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I haven't posted in a while, but knew this would be the place to come and ask my questions as I miss this forum!

I do tend to write a book, so here goes...

I am really torn on what to do, and have rewritten this 3 or 4 times now lol.

The horse farm my husband works for is 15 minutes away, but in the near future they are moving to a neighboring county and his commute would turn into at least 30 minutes mostly on the interstate (which scares me!).

They want us to move to the new farm. They are in the process of having 2 new houses completed that are on the edge of the farm, next to a very quiet country road. They built one of them with us in mind.
Taking this offer would mean, no maintenance issues, and most likely all utilities paid (except for extras like phone/internet/satellite).
Downfall would be, leaving everything we are used to - our county, schools, and... we'd have to find a place nearby we could purchase to keep the goats. Since there is a small yard.

They've even offered to help us get our kids into a good private school, or help us figure out a way to commute them back/forth from their current school. I have a senior, sophomore and 4th grader. If they were all younger I'd not worry so much, but my oldest WILL graduate with her friends, and I just don't know that my son and youngest daughter will handle a move from their friends very well :(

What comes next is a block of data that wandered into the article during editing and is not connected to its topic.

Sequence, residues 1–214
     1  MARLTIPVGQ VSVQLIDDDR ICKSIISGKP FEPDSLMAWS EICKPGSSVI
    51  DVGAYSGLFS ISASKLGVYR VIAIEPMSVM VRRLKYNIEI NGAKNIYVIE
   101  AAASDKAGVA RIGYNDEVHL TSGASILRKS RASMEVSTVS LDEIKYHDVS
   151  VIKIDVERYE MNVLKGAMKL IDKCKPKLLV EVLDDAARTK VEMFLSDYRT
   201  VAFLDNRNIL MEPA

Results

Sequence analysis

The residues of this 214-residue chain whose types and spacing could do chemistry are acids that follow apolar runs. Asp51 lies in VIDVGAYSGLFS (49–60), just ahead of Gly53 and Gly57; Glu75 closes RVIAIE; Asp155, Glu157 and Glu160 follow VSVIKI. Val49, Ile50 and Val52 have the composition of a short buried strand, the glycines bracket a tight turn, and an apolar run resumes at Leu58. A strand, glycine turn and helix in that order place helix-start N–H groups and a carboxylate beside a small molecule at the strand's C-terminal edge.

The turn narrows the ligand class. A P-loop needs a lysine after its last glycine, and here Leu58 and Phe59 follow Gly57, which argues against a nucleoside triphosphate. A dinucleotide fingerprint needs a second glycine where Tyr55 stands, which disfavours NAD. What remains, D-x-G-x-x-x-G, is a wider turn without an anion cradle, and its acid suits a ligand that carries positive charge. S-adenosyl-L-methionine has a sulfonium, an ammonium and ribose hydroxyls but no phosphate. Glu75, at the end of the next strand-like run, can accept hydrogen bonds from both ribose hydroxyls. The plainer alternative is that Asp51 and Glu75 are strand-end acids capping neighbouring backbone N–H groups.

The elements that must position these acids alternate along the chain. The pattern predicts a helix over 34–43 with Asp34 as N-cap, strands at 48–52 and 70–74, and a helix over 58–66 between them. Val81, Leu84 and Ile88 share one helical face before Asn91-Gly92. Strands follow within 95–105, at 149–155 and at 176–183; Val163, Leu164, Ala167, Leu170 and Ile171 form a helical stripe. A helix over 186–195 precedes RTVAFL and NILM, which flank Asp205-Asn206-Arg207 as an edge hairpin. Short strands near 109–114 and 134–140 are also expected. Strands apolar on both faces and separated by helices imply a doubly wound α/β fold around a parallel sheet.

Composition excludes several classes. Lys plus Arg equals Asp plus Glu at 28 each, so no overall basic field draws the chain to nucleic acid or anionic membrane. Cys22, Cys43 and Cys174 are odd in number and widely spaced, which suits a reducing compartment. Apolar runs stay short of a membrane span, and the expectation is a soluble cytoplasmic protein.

We own our place, it's not much, just a couple of acres, and an older double wide modular home that needs work (just more remodeling/finishing inside).
BUT, it's ours.
We've toyed with looking for more land in our area as we really have outgrown this place. However, land in the entire area is really expensive.
I told my husband we'd have to sell this place and buy a place to keep animals, and eventually turn into a 'forever' kind of home, near the farm. But that is easier said than done. Prices in that area are very high. We need something that at least has some kind of a barn.

If we ended up doing that, what are the odds of living in one place, and having our animals about 10-15 minutes away. Does anyone else do it, and does it work?